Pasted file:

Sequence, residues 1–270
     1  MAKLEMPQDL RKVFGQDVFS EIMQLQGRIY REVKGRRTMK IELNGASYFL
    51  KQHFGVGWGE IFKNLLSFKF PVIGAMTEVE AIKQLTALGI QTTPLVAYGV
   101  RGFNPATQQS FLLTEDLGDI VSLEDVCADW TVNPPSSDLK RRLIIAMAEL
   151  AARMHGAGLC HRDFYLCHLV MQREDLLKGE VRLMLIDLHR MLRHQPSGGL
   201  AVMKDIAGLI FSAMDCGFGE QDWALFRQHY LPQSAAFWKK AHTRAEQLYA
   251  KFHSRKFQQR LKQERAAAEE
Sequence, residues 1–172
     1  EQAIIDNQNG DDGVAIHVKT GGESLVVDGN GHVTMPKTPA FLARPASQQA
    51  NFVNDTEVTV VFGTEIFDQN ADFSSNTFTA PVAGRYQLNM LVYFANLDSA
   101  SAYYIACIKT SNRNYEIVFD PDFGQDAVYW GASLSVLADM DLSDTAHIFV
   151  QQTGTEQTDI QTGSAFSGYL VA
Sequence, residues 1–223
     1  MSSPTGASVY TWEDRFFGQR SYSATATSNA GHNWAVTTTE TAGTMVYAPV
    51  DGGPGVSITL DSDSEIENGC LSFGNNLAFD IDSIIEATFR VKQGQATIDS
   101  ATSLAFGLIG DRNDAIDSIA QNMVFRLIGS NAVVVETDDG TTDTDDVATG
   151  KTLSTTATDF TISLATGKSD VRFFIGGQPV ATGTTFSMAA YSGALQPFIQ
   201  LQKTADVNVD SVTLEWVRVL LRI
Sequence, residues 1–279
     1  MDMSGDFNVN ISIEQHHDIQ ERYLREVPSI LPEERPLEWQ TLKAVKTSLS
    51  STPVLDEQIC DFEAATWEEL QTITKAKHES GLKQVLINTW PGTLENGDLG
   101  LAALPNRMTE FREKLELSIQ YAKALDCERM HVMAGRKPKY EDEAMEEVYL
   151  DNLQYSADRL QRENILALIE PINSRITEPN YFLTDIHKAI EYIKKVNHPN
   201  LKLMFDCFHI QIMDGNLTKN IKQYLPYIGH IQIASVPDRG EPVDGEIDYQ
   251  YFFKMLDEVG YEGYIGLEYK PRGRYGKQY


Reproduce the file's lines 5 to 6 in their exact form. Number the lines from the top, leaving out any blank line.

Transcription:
   151  AARMHGAGLC HRDFYLCHLV MQREDLLKGE VRLMLIDLHR MLRHQPSGGL
   201  AVMKDIAGLI FSAMDCGFGE QDWALFRQHY LPQSAAFWKK AHTRAEQLYA